Even cinephiles who embrace the look of digital projection (and I count myself among them) have plenty to worry about. The current digital transition threatens independent theaters, independent distributors, the accessibility of older movies (especially those outside the canon), and the long-term survival of yesterday’s, today’s, and tomorrow’s motion pictures.
No one has contributed to the discussion of this transition as well, or as thoroughly, as university professor/film blogger David Bordwell. In the last few months, Bordwell has written several long, extensive blog posts about every facet of the digital transition. Now he’s gathered up these posts, reorganized them, added new material, and released them as a self-published e-book called Pandora’s Digital Box: Films, Files, and the Future of Movies. The book costs only $4 and comes as an unprotected, read-anywhere .pdf. It’s only 238 pages, and worth every penny.
Bordwell touches lightly on esthetic issues, giving arguments for both sides and noting correctly that unlike sound and widescreen, digital barely alters the movie-going experience–at least not directly. But he shows the grievous effects the transition has on the industry.
Six major production/distribution companies dominate today’s movie industry: Disney, Twentieth Century-Fox, Paramount Pictures, Warner Brothers, Columbia, and Universal. These companies will significantly benefit from the transition. Major theater chains like AMC will probably come out about even. Everyone else will lose.
Just one example of the problems: Small theater chains and independent theaters can’t afford the expensive digital projectors and the servers needed to control them. Many will go under because of this. Others will upgrade via a financing schemed called Virtual Price Fee (VPF). Here, a third party finances most of a theater’s conversion cost. Every time a film is booked into that theater, the distributor pays a fee–usually about $800–which is a little more than half of what the distributor saves by not making a 35mm print.
This works for the big studios, because their pre-digital business model comes pretty close to one print, one booking. Instead of spending about $1,500 to make a print that will only screen in that theater, they send a hard drive and pay a $800 VPF. But small, independent distributors make a handful of prints that move from one theater to another. They’ll have to pay multiple VPFs for every print they don’t make.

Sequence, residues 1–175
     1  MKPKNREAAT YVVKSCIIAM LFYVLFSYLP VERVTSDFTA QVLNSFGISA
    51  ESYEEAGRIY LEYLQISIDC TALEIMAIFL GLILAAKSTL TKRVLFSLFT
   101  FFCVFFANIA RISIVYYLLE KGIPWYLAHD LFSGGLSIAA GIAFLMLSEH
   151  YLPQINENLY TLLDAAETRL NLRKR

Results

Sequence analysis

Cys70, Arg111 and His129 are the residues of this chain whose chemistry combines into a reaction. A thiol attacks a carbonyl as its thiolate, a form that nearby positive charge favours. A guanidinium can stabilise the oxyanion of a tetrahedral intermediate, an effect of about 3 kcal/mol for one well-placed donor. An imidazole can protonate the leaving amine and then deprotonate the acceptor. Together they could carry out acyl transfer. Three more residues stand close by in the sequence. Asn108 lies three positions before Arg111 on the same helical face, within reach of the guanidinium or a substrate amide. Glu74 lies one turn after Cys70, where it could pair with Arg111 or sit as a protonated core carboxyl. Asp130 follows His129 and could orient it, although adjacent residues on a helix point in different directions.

What’s more, the financier may prefer to deal only with companies with whom they already have a relationship.
Bordwell also discusses the stifling copy protection rules built into the Digital Cinema Package (DCP) standard used for theatrical projection. A theater needs permission to move a picture from one auditorium to another in the same multiplex, and the distributor can control how often a film is screened and at what times.
I wish Bordwell had covered a few topics that he doesn’t touch on. I would have liked his opinion on to what degree 4K improves on 2K; I’ve heard conflicting reports, and my only true 4K experience was inconclusive. Nor did he cover the environmental issues–one area where I assume that digital has the advantage.
Nor did I agree with Bordwell on everything. As someone who follows digital technology for a living, I doubt that obsolescence will be as much of a problem as Bordwell and others predict. Yes, Moore’s Law marches on, seemingly unstoppable, but market forces rule its effect on the real world.
True, filmmakers like James Cameron are already pushing for projector upgrades, but they don’t have the final word. The big six do. Right now, the major studios have a strong incentive to force theaters to go digital–it saves them money. They won’t have a similar incentive to push them to 4K or 8K, and they don’t want to have to pay VPFs forever. Consider, nearly 20 years after the introduction of digital sound, today’s 35mm prints still come with backward-compatible analog soundtracks. The studios will have no trouble sending out 2K DCPs for a very long time to come.
I suspect that the newer, fancier digital projectors will serve the function of full orchestras in the 1920s and 70mm in more recent decades. They will give the larger, better financed theaters a competitive edge without knocking out the smaller ones..
Despite my disagreements with some of Bordwell’s conclusions, I came away from Pandora’s Digital Box with far more knowledge and appreciation of digital projection’s strengths and problems than I had before–and I had already read his blog posts and have written on the topic myself. If you’re interested in the business or technology of motion pictures, this is $4 well spent.
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